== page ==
The Daughter of the Samurai

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The Daughter of the Samurai
Thedaughterofthesamurai-japaneseposter1937.jpg
Japanese theatrical release poster
Directed by
Produced by
  • Arnold Fanck
  • Nagamasa Kitakawa
  • Yoshio Osawa
Written by Arnold Fanck
Starring
Music by Kosaku Yamada
Cinematography
  • Richard Angst
  • Walter Riml
Edited by Arnold Fanck
Production
company
  • JO Studios
  • Nikkatsu
  • Dr. Arnold Fanck-Film
Distributed by T&K Telefilm
Release dates
  • 4 February 1937 (1937-02-04) (Japan)
  • 23 March 1937 (1937-03-23) (Germany)
Running time 120 minutes
Country Japan, Germany
Language Japanese, German

The Daughter of the Samurai (German: Die Tochter des Samurai, Japanese: Atarashiki Tsuchi, 新しき土 (The New Earth?)) is a 1937 German-Japanese drama film directed by Arnold Fanck and Mansaku Itami and starring Setsuko Hara, Ruth Eweler and Sessue Hayakawa. Its Japanese title was Atarashiki tsuchi, meaning "New Earth." It was the first of two co-productions between Japan and Nazi Germany. Franck, who was famous for making mountaineering films, was possibly chosen as director because of his connections to the Nazi Party.[1] Fanck and Itami clashed a great deal during the film's production, and in effect created two separate versions for release in their respective countries.[2]

Plot[edit]

Yamato Teruo (Isamu Kosugi) returns to Japan after spending six years at an agricultural college in Germany. Teruo is the adopted son of an old samurai family, and is expected to marry the eldest daughter, Mitsuko (Setsuko Hara). However, Teruo has become infected with the idea of Western individualism during his stay in Europe, and refuses to bow to the demands of society. Instead, he confounds his future father-in-law Yamato Iwao (Sessue Hayakawa) by announcing that he intends to marry a German journalist, Gerda Storm (Ruth Eweler), whom he met on the ship back to Japan. Gerda, however, is a blond, chaste, Aryan woman, and will not agree to a mixed-race relationship. She attempts to convince him of his duty to the Japanese race and traditions and to reconcile him with his family.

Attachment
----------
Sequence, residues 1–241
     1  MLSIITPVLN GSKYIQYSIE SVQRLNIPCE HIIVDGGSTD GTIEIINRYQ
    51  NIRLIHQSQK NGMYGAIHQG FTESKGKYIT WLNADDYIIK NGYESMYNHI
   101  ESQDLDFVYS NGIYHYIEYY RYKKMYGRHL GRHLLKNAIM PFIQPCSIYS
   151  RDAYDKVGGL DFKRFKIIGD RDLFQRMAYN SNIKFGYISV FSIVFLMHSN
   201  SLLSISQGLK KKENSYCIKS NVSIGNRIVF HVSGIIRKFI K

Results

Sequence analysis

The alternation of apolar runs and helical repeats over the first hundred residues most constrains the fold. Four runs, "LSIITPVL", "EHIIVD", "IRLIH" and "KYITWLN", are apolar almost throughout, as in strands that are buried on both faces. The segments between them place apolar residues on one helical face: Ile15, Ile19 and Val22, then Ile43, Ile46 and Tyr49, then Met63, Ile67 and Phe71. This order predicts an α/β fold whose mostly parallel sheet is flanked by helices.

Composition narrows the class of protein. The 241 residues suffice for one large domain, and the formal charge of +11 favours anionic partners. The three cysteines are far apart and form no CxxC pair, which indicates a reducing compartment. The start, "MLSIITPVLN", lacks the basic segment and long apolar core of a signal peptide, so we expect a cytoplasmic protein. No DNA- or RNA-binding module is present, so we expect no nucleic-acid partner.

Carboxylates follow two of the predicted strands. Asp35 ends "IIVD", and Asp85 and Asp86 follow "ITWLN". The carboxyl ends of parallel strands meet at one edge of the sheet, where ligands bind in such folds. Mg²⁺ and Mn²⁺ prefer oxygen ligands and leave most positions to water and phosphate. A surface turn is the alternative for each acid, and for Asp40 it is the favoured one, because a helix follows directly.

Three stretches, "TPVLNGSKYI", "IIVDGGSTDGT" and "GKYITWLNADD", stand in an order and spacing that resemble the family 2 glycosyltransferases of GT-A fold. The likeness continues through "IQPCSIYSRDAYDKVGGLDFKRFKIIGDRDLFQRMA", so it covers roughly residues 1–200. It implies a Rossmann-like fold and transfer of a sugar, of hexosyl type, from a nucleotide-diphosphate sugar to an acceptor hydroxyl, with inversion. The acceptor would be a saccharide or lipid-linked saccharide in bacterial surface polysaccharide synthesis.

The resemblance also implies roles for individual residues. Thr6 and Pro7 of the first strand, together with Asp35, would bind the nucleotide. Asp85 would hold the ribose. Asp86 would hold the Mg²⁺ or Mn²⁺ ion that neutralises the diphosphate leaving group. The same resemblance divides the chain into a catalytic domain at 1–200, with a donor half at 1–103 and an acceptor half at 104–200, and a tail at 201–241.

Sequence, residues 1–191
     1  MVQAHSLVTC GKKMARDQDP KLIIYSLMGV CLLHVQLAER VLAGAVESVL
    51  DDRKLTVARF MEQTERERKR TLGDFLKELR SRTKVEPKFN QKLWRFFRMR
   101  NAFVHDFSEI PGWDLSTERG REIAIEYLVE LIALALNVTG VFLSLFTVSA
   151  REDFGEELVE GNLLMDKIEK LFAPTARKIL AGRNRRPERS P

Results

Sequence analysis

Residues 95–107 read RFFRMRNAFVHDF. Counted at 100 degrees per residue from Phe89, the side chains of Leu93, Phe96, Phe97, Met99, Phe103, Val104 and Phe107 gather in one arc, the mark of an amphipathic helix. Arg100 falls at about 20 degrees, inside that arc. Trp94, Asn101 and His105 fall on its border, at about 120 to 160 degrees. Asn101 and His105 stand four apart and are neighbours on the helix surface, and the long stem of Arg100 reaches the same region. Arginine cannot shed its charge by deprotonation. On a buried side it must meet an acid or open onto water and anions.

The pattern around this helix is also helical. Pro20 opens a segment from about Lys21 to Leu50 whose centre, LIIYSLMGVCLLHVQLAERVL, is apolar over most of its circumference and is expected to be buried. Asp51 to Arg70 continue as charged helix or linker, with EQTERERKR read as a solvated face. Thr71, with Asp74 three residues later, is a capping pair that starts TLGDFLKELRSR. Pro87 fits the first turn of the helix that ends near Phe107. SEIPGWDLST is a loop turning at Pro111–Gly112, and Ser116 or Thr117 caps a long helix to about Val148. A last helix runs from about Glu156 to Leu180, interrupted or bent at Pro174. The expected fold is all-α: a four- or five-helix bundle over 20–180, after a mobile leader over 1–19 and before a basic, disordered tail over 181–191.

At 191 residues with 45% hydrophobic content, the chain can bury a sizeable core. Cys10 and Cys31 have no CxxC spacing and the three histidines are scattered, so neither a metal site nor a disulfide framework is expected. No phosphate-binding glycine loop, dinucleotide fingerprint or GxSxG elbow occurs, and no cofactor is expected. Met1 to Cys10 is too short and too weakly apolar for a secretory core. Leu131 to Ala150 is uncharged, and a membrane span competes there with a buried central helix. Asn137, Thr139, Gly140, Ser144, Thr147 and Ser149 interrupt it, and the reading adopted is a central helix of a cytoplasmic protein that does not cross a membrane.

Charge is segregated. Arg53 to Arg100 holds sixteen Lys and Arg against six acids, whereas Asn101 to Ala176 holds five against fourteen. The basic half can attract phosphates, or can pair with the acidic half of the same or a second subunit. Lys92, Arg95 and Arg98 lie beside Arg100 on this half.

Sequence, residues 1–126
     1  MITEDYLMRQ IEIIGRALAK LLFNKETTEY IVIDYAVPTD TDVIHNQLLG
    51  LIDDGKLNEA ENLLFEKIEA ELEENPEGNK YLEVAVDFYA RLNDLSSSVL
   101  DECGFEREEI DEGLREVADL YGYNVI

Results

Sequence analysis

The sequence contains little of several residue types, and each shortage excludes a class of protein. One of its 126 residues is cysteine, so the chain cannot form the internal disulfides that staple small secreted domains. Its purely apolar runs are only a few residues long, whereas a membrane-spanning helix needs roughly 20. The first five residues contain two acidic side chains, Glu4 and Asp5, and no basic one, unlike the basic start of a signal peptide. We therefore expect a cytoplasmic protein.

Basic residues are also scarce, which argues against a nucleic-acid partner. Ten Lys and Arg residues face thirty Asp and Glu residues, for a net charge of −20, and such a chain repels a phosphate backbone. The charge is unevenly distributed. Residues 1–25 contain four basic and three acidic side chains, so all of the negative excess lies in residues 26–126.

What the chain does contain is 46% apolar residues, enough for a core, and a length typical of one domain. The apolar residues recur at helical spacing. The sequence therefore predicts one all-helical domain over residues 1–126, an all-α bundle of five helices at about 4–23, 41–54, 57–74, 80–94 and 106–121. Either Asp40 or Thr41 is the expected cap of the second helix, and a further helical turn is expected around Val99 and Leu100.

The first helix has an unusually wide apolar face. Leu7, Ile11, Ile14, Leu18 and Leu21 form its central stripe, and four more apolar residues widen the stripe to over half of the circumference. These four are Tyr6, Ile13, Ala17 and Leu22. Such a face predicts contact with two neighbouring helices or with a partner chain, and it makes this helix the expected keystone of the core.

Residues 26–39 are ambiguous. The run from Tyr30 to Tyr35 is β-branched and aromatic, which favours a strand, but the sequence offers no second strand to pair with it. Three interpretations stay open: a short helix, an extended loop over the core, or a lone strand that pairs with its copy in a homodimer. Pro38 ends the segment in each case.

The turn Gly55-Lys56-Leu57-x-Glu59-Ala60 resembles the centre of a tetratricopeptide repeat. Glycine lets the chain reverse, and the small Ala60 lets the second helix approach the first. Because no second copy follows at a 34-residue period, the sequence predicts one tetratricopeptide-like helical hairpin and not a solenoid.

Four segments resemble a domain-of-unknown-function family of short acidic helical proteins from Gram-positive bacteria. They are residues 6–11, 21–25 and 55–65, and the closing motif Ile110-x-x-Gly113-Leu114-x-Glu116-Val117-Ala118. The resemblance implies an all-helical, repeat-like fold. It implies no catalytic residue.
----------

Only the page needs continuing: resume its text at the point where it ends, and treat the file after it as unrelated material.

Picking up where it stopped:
Meanwhile, Mitsuko, feeling dishonored by Teruo's rejection, attempts to commit suicide by throwing herself into a volcano. She is rescued at the last second by Teruo, and the couple is romantically reunited. Sometime later, the young couple and their baby are now living in Manchukuo, the "New Earth", working on a farm under the benevolent gaze of a vigilant soldier guarding against the ever-present threat of Bolshevism.

Cast[edit]

Setsuko Hara and Ruth Eweler in Atarashiki Tsuchi

Reception[edit]

The film was poorly received in Japan. It was viewed as a condescending treatment of Japan as an exotic Oriental nation that needed German political ideas as if it had none of its own, and the racist ideology of blood and soil was considered disturbing.[3] One reviewer wrote:

Holding up a Buddhist manji to resemble a Nazi swastika, he portrayed temples as if they were the sole repository of the Japanese spirit. Great Buddhist statues were treated as if they wielded an absolute power. He applied the Nazi spirit of self-sacrifice indiscriminately to the Yamato spirit ... it is Germany that is requiring this New Order.[3]

References[edit]

Notes
  1. ^ Hull p.121
  2. ^ Mayo, Rimer & Kerkham p.226
  3. ^ a b Baskett, Michael (2009). "All Beautiful Fascists?". In Tansman, Alan. The Culture of Japanese Fascism. Durham: Duke University Press. pp. 226–8. ISBN 0822344521. 
Bibliography
  • Hull, David Stewart. Film in the Third Reich: a Study of the German Cinema, 1933-1945. University of California Press, 1969.
  • Mayo, Marlene J. & Rimer J. Thomas & Kerkham, H. Eleanor. War, Occupation, and Creativity: Japan and East Asia, 1920-1960. University of Hawaii Press, 2001.

External links[edit]